The following is Part 2 in a continuing series which began as a write-up of a talk by a talk by Fr. Justin Nolan, FSSP, but instead took on a life of its own and has become some rather broad reflections on salvation history as it leads up to the founding of the Church by Christ, and the Church’s role in salvation. Soon we’ll go deeper and into more detail.* In this part we are still looking at how mankind got itself into a situation wherein it needed to be saved. Acknowledgments at the end of this post.Continue reading “The Mass, Salvation and the Sacraments, Part 2”
Below is an illustration I made tonight of the Church as the Body of Christ and the fact that as members of the Church we unite ourselves with Christ on His cross during the Mass. The image of Christ Crucified overlays the image of the Church building in the shape of a cross, with Christ’s Head in the Sanctuary and with His Body in the nave. He and the tabernacle, the Host, the Priest, the Altar, are all in the Sanctuary. The doorway into the vestibule lies at His Feet. We the congregation form the Body of Christ. The Priest represents Christ for us. Continue reading “The Church as the Body of Christ, with another graphic”
Update: Oct 19 2012: A long while back I started a series of posts on the Mass and made these graphics to go with that series. I hope to get back to it and delve into the other sacraments, too, at some point. I thought I’d point these out again for anyone who hadn’t seen them before, thinking that someone might perhaps find them somewhat useful in the Year of Faith. I have found them helpful for my own contemplation. Maybe you will, too. One word: that is not a typo in the graphic below where the word is spelled creatio in Latin. So there. For once, it’s not a typo. ;)
I took the day off and didn’t get online all day yesterday. I was thinking about Part 2 of the Mass, Salvation and the Sacraments series and I got an idea for a revision of the diagrams I made for that and for Fr. Nolan’s workshop audio (available from Una Voce’s site in a zip file, updated link Oct 19 2012, link broken again May 22 2019). I’ll post them as soon as they’re finished.
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(Update May 22 2019: Links to the Una Voce audio of the workshop are currently broken, again.)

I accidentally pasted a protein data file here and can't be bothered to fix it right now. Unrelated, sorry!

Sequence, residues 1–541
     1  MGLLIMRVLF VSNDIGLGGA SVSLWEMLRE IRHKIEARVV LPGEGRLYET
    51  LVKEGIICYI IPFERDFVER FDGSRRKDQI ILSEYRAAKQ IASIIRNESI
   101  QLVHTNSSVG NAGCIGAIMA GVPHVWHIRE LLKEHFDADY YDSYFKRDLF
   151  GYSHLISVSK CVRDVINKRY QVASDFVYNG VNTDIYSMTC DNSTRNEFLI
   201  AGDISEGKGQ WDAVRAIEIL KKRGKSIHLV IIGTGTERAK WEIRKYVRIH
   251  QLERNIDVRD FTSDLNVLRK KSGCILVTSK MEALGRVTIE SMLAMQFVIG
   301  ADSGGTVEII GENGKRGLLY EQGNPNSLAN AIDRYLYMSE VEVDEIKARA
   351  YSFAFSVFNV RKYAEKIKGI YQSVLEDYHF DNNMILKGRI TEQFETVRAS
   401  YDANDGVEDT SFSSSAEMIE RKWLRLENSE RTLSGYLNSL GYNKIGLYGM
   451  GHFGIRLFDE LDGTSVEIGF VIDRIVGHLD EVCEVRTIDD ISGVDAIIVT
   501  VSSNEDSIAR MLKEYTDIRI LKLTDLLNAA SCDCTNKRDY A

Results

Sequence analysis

Fr. Nolan drew some diagrams on the whiteboard during his presentation last week (a workshop for the Mass in the Extraordinary Form). I’ve made some graphics of my own based on his drawings. If you’re reading the series on the Mass and salvation that began in the last post, or if you’re planning on downloading and listening to his talks, you might find these useful. I still have a couple more to go, but I’m posting what I’ve got so far. Just trying to be helpful, don’t you know. We’ll explore this more fully in the other posts, but here are some things to think on the next time you’re preparing for Mass:
At Baptism we enter the Church (both figuratively and literally) and then we are on the way to becoming eligible to receive the other sacraments, as far as we are able. We enter the long boat of the Church, the Barque of Peter, and start out on our journey toward God.
As members of the Body of Christ we participate in His Death and Sacrifice on the Cross and receive the grace (and graces) we need for salvation. As Fr. Nolan said, this is how it works. This is how we are saved. By the action of Christ on the Cross. And by His grace allowing us to participate in His action by allowing us to unite with Him in His sufferings and death. We die to ourselves and offer ourselves along with Him as He offers His sacrifice throughout all time and beyond all time as our Eternal High Priest.
(Updated again, May 22 2019, currently all links to the Una Voce Northern Alabama site appear to be broken. Updated: Aug 14 2017: Fixed broken image links. Updated links to the workshop audio as of Oct 19 2012.) The following is Part 1 in a continuing series which began as a write-up of a talk by Fr. Justin Nolan, FSSP, but instead took on a life of its own and has become some rather broad reflections on salvation history as it leads up to the founding of the Church by Christ, and the Church’s role in salvation. After we gain a broad overview, we’ll go deeper and into more detail.* Acknowledgments at the end of this post.
Sacraments: Rivers of Grace